Genesis 11 – Babel

The typical Christian thinking is that sin is the only problem in the world that Jesus came to overcome.  In fact, the ancient Jewish concept of what’s wrong provides a much bigger picture, and it actually paves the way for all that Jesus has done and will do prophetically so as to redeem the earth.

If we study and understand Scripture in this way, we see that there were three rebellions, not just one.  The rebellion we’re all familiar with, i.e. Rebellion #1, is the fall of Adam and Eve in the Garden of Eden.  Eve was tempted by the serpent, believed its lie rather than God’s truth, and thus effectively rebelled against God in her disobedience.  This brought sin into the world.  But, if we truly look all around us, we see there is much more going on than can simply be attributed to sin.

The book of Genesis is so significant because it provides much of the foundation for the rest of the Bible, both Old and New Testaments.  Where does sin lead?  If left unchecked, what can result?  The answer is depravity.  Depravity is sin on steroids.  It is moral corruption and wickedness.  Was there an event that introduced depravity into the world?  Absolutely.

An event took place in Genesis 6:1-5, which is the basis for what God will often refer to as an abomination.  Some number of the sons of God left their heavenly abode in rebellion against God and procreated with human women.  This was direct disobedience to God’s command to them and resulted in Rebellion #2.  This “intermarrying” between spiritual beings and human beings brought such depravity among mankind, plus such wholesale corruption of the human bloodline, that God had no choice but to bring the flood and destroy everything on the earth.  Had He not done this, it would have been impossible for Him to fulfill His prophetic Word that the Seed of the woman (Eve) would come (fully human) to destroy the serpent and its seed, i.e. anyone who chose to rebel against God.

The account of the Tower of Babel incident in Genesis 11 provides us with the understanding of Rebellion #3.  God had told Noah after the flood – just as He had originally told Adam and Eve – to “be fruitful and multiply” (Genesis 1:28 and 9:7).  Instead, what did mankind do?  Led by Nimrod, who had migrated to Babel on the plains of Shinar (in what is today Iraq), men built a “tower with its top in the heavens” (Genesis 11:4) so that they could make a name for themselves rather than be “dispersed over the face of the whole earth.”  This tower is what we call a ziggurat.  It was meant to make a way to bring God down to man, in order to effectively control Him.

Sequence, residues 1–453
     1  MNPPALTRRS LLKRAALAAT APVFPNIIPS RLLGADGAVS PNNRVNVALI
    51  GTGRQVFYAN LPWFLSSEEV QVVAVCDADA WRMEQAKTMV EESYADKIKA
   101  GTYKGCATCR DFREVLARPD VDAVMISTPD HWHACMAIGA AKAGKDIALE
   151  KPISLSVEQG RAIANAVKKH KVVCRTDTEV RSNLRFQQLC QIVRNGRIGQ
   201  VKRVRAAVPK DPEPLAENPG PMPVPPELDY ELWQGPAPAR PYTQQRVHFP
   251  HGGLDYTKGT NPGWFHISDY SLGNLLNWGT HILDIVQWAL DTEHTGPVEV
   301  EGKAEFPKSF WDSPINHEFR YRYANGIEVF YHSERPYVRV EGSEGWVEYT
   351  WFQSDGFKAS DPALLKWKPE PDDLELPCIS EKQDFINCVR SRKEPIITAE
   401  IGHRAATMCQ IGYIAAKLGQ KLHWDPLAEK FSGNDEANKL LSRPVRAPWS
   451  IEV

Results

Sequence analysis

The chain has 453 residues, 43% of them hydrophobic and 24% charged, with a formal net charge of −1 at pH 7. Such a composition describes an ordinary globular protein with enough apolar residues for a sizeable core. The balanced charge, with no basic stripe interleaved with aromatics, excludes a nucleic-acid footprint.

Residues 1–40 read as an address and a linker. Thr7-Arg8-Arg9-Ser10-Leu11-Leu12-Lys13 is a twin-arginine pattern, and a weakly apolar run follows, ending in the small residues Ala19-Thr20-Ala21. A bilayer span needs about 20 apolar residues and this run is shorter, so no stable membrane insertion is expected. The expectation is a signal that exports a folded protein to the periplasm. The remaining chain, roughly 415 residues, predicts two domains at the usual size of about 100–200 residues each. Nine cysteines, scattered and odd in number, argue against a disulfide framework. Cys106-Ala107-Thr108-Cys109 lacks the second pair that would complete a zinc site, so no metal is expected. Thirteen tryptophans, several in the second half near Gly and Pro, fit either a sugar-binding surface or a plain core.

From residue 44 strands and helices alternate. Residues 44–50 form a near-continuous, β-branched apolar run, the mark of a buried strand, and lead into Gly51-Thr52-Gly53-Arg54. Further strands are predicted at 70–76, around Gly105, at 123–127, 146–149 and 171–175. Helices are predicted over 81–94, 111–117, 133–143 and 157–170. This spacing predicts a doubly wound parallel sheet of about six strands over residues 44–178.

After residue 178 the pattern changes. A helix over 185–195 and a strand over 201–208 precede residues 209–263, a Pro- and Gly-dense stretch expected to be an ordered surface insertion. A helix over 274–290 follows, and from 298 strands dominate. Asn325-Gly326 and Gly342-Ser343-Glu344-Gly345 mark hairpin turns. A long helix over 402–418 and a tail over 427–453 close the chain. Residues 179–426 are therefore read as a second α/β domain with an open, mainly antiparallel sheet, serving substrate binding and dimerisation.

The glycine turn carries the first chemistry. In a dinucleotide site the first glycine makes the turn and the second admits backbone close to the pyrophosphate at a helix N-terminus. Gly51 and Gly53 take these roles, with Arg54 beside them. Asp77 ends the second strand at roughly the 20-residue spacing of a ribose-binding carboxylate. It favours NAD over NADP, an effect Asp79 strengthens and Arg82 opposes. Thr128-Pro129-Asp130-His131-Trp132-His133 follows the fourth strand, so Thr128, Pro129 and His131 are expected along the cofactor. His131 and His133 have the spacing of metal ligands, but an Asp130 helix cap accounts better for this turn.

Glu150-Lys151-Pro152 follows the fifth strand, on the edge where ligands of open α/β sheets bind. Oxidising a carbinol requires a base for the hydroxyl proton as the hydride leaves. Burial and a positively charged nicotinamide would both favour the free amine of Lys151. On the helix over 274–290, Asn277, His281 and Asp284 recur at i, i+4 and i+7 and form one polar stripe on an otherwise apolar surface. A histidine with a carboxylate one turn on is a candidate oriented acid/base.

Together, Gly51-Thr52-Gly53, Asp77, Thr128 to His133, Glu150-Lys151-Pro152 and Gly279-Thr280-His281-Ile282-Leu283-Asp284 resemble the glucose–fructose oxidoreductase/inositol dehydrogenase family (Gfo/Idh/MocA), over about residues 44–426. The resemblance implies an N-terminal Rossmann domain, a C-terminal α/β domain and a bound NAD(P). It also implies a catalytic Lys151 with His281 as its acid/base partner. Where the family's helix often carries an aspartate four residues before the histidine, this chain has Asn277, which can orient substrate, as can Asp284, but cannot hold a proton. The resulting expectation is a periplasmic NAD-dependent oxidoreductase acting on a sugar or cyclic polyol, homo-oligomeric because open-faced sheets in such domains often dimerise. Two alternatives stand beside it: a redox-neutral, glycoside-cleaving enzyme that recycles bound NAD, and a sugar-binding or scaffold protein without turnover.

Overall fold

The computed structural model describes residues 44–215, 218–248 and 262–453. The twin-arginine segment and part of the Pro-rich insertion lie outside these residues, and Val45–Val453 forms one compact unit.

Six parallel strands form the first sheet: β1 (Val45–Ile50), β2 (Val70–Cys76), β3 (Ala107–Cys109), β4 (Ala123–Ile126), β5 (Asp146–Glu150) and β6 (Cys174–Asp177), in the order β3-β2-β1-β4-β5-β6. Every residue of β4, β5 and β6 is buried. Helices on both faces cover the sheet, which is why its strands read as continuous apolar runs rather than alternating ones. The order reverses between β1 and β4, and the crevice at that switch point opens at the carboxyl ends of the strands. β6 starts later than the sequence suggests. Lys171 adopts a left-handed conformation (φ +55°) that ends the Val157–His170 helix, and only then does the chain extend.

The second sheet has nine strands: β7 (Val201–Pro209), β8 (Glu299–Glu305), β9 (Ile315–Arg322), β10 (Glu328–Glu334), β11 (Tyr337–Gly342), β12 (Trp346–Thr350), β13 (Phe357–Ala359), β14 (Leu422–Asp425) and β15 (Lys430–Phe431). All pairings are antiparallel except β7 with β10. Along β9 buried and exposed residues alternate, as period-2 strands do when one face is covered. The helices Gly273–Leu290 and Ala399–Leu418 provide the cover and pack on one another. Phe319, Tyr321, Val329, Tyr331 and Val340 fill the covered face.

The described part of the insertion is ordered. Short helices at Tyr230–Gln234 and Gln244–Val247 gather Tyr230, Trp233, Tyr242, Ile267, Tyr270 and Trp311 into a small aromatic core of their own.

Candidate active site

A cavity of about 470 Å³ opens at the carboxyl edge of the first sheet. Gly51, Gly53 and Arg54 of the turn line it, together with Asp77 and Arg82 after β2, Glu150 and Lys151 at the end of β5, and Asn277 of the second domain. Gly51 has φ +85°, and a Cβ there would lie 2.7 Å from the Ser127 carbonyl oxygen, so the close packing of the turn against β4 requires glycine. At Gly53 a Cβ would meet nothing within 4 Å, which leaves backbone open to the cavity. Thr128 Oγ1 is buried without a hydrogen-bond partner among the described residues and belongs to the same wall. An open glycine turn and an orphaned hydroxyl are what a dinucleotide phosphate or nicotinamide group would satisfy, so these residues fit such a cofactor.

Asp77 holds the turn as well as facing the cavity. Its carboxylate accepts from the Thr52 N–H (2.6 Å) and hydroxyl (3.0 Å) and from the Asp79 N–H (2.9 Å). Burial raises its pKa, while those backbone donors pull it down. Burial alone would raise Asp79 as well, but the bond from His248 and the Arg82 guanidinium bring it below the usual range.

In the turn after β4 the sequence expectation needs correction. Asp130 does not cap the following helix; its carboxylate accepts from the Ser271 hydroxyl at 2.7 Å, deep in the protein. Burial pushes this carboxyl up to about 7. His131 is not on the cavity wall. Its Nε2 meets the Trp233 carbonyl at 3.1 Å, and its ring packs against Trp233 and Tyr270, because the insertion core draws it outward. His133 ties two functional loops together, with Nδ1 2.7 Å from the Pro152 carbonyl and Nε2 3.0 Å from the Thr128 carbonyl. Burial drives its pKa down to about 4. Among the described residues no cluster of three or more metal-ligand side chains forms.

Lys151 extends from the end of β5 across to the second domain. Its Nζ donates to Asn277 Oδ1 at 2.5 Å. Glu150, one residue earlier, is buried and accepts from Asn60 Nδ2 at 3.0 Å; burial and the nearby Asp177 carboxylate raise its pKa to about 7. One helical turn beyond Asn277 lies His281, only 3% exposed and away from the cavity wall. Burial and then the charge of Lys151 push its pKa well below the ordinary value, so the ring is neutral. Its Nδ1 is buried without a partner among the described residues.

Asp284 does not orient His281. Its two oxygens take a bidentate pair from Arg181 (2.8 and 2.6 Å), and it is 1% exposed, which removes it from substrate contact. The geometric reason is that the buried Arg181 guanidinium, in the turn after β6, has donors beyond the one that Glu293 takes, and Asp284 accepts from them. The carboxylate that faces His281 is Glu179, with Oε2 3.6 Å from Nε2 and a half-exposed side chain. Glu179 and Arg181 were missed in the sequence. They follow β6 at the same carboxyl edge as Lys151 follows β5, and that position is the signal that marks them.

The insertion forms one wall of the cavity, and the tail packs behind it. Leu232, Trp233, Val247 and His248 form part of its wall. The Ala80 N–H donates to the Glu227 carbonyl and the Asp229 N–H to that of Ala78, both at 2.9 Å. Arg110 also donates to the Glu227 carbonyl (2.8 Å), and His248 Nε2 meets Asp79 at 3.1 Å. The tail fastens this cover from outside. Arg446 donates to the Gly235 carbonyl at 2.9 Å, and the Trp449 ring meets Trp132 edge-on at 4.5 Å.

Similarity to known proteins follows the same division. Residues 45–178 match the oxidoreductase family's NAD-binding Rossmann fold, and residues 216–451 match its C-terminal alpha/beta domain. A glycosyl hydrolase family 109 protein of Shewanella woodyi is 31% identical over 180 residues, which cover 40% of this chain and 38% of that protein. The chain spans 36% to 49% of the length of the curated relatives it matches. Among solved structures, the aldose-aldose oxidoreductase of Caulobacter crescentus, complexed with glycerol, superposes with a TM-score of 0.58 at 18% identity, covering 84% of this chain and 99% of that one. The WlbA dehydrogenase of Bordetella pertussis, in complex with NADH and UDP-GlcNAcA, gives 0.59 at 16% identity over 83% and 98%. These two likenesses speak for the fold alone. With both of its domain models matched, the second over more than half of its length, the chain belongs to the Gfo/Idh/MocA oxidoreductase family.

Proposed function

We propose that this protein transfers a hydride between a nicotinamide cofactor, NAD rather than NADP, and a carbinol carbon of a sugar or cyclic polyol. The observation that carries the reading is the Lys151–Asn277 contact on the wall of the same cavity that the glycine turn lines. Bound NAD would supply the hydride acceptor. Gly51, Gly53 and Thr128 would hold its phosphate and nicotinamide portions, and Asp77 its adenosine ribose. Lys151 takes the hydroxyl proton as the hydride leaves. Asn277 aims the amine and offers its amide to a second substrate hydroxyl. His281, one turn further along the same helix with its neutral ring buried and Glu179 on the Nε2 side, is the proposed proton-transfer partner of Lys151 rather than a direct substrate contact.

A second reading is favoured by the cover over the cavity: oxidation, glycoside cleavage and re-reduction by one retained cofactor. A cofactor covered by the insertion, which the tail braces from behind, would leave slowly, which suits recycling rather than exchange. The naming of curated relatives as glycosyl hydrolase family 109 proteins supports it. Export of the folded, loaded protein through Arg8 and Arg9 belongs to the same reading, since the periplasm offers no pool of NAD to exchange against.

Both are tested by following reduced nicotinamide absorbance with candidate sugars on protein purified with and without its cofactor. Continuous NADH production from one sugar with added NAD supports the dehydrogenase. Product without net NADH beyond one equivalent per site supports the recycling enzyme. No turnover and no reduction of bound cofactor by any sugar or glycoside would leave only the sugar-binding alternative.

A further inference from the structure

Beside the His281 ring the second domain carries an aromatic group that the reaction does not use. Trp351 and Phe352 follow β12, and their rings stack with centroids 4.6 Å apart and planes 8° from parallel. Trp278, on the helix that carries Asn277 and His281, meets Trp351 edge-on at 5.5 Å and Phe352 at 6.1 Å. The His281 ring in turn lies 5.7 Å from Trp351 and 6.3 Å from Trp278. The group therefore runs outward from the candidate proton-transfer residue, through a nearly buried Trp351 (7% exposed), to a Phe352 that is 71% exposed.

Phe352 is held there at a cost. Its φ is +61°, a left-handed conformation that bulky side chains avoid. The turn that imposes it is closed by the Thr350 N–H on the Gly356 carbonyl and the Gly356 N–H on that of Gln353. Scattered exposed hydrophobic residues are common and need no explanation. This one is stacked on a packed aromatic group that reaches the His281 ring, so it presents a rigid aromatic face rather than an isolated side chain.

In God’s eyes, this was complete disobedience and rebellion against His Word.  Of course, it didn’t take Him by surprise, but He made an intriguing statement in v7: “Nothing that they [men] propose to do will now be impossible for them.”  To counter this problem, we see in v8-9 that God dispersed men throughout the earth and confused the single language, that had been present since the beginning, into multiple tongues.

Not to make this post too lengthy, but one other factor came into play in this rebellion.  In Deuteronomy 32:8 (and you must read the ESV – English Standard Version – translation to see this properly), God set His divine sons over the nations into which He had placed mankind:

When the Most High gave to the nations their inheritance,

    when he divided mankind,

he fixed the borders of the peoples

    according to the number of the sons of God.

These sons of God were obedient at the time God put them over the nations to rule.  Their job was to point men back to God while He raised up the nation of Israel to be His special inheritance (Deuteronomy 32:9).  Instead, these sons of God rebelled similarly to the fall of their brothers in Genesis 6.  In this case, however, they chose to copy Satan’s desire to be as God.  Rather than direct the peoples of the nations to Yahweh as the One true God, they became the gods over all the nations.  It is from this that we subsequently see gods such as Baal, Milcom, Molech, Chemosh, and many others throughout Scripture.  These gods remain in place to this very day.  They become the third reason that Jesus came, i.e. to redeem the nations back to Himself.

In summary, the three rebellions and the way that God is dealing with them through Jesus Christ are as follows:

* Rebellion #1 – sin.  Jesus takes away the sin of the world when someone believes in Him and is born again.

* Rebellion #2 – depravity.  Jesus sent the Holy Spirit as our Helper to council and guide us in the way of God’s righteousness.

* Rebellion #3 – nations following other gods.  When Jesus returns in His 2nd coming at the end of the 7-year Tribulation, He will destroy all those who hate God.  This will usher in the Millennial Kingdom, when Jesus rules and reigns over the nations of the earth from His throne in Jerusalem.  The rebellious sons of God – the gods of the nations – will join Satan in the lowest pit of hell while peace encompasses the earth for 1,000 years.

Isn’t God’s Word amazing?  There is so much more going on than what we might see upon a single reading.  God’s Word requires a lifetime and more of study for us to understand the bigger picture of His purposes.  He wants us to pursue this so that we will know Him more fully.

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